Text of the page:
A legendary piano instructor has a pricing scheme that confounds many clients. He charges $100 an hour if the student has never played the instrument, but $250 an hour if the student has taken lessons elsewhere. The two different rates seem counterintuitive, but the instructor has a perfect explanation: It takes less effort to teach an untrained student to play the piano the right way, and a lot more effort to untrain someone who’s been playing it the wrong way.
This anecdote, most likely based on an apocryphal piano school, illustrates the importance of starting off on the right note when learning a new skill, and the price one must pay for the failure to do so. In the story of human-machine interaction, we may be the students who have been playing the piano the wrong way for nearly two decades, and must now pay a heavy toll to do it right.
3DiVi developed Nuidroid, a gesture-recognition middleware that works with Android OS.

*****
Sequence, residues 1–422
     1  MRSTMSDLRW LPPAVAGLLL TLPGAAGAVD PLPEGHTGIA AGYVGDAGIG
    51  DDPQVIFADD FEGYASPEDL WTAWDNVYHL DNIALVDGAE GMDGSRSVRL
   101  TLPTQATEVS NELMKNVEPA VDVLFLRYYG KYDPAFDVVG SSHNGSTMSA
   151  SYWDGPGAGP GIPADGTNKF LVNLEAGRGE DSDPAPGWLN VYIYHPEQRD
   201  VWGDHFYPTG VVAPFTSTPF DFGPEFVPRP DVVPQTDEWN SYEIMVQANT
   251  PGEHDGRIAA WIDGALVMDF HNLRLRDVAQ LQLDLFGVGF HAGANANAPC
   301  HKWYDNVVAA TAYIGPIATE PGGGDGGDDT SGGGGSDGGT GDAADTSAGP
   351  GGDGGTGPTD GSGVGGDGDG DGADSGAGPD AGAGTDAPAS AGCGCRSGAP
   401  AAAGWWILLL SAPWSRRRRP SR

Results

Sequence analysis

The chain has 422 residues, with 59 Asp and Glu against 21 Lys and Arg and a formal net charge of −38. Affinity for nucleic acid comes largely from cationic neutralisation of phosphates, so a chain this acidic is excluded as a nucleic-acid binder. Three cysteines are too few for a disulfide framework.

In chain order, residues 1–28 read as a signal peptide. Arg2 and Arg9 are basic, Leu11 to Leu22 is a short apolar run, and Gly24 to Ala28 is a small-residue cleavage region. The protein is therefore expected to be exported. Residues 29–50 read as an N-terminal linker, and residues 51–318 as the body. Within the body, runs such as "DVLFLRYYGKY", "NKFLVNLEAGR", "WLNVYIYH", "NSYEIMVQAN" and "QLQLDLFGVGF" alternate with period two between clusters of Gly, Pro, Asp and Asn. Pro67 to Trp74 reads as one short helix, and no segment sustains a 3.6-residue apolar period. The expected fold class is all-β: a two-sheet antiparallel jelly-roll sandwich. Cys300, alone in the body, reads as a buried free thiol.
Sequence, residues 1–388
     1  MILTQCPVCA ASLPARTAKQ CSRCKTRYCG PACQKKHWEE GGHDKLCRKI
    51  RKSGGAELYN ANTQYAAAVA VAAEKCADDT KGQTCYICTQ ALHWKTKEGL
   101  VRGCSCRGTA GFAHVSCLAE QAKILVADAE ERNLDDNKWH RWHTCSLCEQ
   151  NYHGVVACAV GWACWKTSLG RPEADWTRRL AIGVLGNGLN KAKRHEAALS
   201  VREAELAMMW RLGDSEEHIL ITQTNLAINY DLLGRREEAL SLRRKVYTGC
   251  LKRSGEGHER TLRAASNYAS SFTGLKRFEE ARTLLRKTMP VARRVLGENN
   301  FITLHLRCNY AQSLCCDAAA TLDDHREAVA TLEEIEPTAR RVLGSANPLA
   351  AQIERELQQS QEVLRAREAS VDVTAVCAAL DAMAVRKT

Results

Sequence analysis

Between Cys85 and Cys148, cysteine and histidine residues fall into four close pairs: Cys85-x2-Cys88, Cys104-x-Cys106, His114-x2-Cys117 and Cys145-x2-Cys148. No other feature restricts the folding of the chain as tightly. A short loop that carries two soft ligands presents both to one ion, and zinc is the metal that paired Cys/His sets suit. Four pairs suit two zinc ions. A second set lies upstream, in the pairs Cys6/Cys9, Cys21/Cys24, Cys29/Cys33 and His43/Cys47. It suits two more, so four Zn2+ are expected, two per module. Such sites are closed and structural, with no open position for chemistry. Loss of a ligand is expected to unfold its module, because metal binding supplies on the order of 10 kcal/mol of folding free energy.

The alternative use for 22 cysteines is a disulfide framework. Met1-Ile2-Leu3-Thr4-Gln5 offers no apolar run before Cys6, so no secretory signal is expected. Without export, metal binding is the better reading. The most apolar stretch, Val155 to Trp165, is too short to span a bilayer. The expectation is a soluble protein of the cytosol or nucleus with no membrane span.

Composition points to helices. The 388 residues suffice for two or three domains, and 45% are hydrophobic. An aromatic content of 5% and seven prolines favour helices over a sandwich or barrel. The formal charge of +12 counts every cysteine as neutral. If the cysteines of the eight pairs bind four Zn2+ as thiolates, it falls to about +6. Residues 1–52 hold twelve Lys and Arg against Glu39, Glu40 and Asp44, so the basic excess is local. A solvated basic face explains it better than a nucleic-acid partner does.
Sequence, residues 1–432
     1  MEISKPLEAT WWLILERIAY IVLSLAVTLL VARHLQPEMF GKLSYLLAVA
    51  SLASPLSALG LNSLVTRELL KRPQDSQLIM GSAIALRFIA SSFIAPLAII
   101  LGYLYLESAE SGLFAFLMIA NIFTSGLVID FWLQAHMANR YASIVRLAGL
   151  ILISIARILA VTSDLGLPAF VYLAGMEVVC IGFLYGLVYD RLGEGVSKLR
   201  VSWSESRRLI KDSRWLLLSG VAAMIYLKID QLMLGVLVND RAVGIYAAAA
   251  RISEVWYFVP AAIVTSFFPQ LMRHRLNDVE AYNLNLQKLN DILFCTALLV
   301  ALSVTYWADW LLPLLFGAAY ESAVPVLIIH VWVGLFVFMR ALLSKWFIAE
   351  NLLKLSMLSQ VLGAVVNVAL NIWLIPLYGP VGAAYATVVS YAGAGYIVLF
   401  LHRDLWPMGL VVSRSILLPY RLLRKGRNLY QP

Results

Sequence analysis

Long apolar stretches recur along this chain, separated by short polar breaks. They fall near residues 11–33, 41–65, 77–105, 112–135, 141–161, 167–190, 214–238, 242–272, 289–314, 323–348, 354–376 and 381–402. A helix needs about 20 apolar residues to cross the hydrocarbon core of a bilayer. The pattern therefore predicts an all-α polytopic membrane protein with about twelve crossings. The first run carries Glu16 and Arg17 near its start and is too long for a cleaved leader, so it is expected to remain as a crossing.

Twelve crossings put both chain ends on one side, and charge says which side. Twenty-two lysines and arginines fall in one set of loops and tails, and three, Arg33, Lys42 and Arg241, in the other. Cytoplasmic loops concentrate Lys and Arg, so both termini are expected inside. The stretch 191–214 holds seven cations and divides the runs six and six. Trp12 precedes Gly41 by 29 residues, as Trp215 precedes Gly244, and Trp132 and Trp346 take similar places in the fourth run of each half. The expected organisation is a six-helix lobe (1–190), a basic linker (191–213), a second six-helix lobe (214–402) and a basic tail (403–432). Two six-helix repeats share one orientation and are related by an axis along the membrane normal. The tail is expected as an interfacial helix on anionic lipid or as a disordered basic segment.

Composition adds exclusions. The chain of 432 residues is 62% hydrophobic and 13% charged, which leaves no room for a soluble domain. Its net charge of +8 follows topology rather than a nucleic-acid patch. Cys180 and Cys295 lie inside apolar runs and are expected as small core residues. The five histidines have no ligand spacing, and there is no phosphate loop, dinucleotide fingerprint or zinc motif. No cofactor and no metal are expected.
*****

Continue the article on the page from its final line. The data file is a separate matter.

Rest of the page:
How Computers See
Before the emergence of webcams, computers were essentially blind. Humans have eyes to perceive and discern figures and objects in their line of sight. Desktops and laptops had no such function. With the emergence of integrated cameras and detachable webcams, however, things started to look up, quite literally. For somewhere around $100 to $350, these devices allow our PCs to scan, record and process the outside world in pixels.
So far, computer vision is primarily 2D, a flat collage assembled from dots in an RGB color scheme. Depth cams are the next step in this evolution. The technology, as exemplified by the Microsoft Kinect-Xbox combo, uses infrared pulses to build a three-dimensional view of what it “sees.” It’s similar to how submarine sonar systems use sound waves to detect obstacles underwater. With this development, you could program game consoles to trigger certain actions based on the players’ hand and body movements. For example, in Star Wars-inspired titles, players could use typical swashbuckling gestures to simulate light saber combats; and in a Michael Jackson-tribute title, a player’s dance moves could be scored based on how closely it matches the late pop star’s classic moonwalk.